Missing Millionaire’s Jerusalem Homes Being Put Up for Sale

Brazilian Guma Aguilar, who mysteriously disappeared last year, owned close to 30 properties in the capital; two of the most spectacular ones are going on the block.

Dror Raich
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Dror Raich

A collection of Jerusalem properties that boast not just a steep price tag and spectacular view but a little notoriety will soon be put up for sale.

They belong to the estate of Guma Aguiar, the Brazilian multi-millionaire and philanthropist who went missing in June a year ago after heading out to sea in his motorboat off the coast of Florida. The boat was later found without any sign of Aguiar, who left behind a tangle of lawsuits and a family in turmoil.

Among his Jerusalem properties being put on the block are an Old City apartment overlooking the Western Wall and his main Jerusalem residence in the neighborhood of Yemin Moshe. While the properties going on sale are valued in the tens of millions of shekels, they are only a small portion of the close to 30 that he owned in Israel's capital. The properties are apparently being sold in order to cover the debts of Aguiar and family members, which were revealed after his disappearance.

Under Israeli law, the moment Aguiar was declared a missing person his property was transferred into the hands of the Justice Ministry’s Administrator General, which is now guardian of the properties. The sales are being overseen by attorneys Meir Heller and Ephraim Abramson, who were appointed a year ago by the Jerusalem District Court as representatives of the Administrator General.

The most intriguing property is Aguiar's apartment on Hatamid Street in the Old City’s Jewish Quarter overlooking the Kotel. Aguiar took pride in this apartment and said he intended to donate it to the Chabad Lubavitch Hasidic movement to serve as a center for learning. In an interview with TheMarker, Aguiar said he would not sell the apartment even if he were offered one billion shekels, but it will fetch less than that. An appraiser hired by the property’s two managers valued the apartment at NIS 15 million. Its 106.5 square meters include a living room, eating area, two bedrooms, two bathrooms and a balcony that faces the Western Wall.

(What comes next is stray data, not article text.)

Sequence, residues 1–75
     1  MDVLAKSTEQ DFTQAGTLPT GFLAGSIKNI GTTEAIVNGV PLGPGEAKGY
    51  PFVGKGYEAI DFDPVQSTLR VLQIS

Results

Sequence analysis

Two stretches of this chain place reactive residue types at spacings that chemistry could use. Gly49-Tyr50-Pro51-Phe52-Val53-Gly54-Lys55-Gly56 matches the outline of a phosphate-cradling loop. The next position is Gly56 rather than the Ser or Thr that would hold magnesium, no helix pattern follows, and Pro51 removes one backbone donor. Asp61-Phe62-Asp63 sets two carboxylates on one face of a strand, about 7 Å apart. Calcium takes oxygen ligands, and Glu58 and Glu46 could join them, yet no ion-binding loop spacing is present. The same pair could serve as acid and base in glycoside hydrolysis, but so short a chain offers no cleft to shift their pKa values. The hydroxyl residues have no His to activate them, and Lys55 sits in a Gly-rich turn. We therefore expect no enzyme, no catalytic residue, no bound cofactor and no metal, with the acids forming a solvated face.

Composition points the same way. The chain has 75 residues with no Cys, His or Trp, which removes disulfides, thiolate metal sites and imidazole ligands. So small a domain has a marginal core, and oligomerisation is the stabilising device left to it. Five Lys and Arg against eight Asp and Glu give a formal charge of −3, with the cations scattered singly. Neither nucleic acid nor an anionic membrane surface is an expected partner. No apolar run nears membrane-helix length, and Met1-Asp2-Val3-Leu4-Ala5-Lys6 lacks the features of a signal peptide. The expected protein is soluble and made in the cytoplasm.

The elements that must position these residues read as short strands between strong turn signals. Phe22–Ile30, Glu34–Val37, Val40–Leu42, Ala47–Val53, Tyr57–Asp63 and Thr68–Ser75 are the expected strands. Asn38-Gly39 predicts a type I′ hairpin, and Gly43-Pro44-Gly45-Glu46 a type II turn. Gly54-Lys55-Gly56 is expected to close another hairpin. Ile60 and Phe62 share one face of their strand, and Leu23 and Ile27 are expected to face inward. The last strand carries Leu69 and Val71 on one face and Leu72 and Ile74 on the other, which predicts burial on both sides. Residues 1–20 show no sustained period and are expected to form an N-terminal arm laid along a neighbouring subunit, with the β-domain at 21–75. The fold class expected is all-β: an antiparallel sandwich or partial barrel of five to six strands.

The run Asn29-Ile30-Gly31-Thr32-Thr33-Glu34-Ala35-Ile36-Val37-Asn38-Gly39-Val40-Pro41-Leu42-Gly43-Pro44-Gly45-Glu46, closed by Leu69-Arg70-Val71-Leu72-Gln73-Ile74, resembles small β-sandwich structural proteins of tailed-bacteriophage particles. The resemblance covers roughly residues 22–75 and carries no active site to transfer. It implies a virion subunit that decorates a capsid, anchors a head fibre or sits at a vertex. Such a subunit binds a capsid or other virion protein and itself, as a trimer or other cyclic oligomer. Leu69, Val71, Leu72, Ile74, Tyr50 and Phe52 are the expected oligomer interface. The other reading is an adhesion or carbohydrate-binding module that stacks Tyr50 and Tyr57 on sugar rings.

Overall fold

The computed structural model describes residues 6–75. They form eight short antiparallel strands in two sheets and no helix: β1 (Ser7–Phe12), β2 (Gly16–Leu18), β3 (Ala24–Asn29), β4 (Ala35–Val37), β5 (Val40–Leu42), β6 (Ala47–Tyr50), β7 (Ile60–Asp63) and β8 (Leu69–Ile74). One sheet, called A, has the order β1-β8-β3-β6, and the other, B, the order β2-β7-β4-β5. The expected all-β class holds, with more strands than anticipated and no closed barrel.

“There has been a great deal of interest in this property, and we’ve already received many inquiries about it from the realtor offices in Jerusalem,” said Heller. Tours of the apartment will be offered to prospective buyers in the coming days, he said.

Aguiar's personal residence on Yemin Moshe's Hatikva Street, opposite the Old City walls, was originally two separate duplex homes. The house has 430 square meters of floor space spread across three stories. Its yard has a jacuzzi and a fish pond. The home's appraised value is NIS 15 million, but it could be redivided and each home sold separately for as much as NIS 8 million each.

The managers of Aguiar's Israeli estate are also selling two additional houses he owned in Yemin Moshe, one on Hatikva Street and the other on Malki Street. Both have generated much interest, primarily by realtors representing foreign buyers, said Heller. Over the next two weeks those with serious offers will be invited to make their bids.

Brazilian-born, Aguiar grew up in the United States in an evangelical Christian family. His mother was a Jewish convert to Christianity and he himself converted to Judaism in his twenties. Through the company Leor Energy, which he co-founded with his uncle, Aguiar acquired the biggest stake in Texas' Deep Bossier, a field with the largest reserves of natural gas found in the United States in recent years. In 2007 they sold it for $2.55 billion.

In Israel, Aguiar was best known for his investments in the Jerusalem sports teams Beitar (soccer) and Hapoel (basketball) as well as his donations to many charitable causes. At the same time, he had a reputation for making eccentric claims, including a plan to build the Third Temple. In 2010, he was forcibly admitted to a psychiatric hospital after claiming to have traveled to Gaza to free then captive Israeli soldier Gilad Shalit.

Guma Aguiar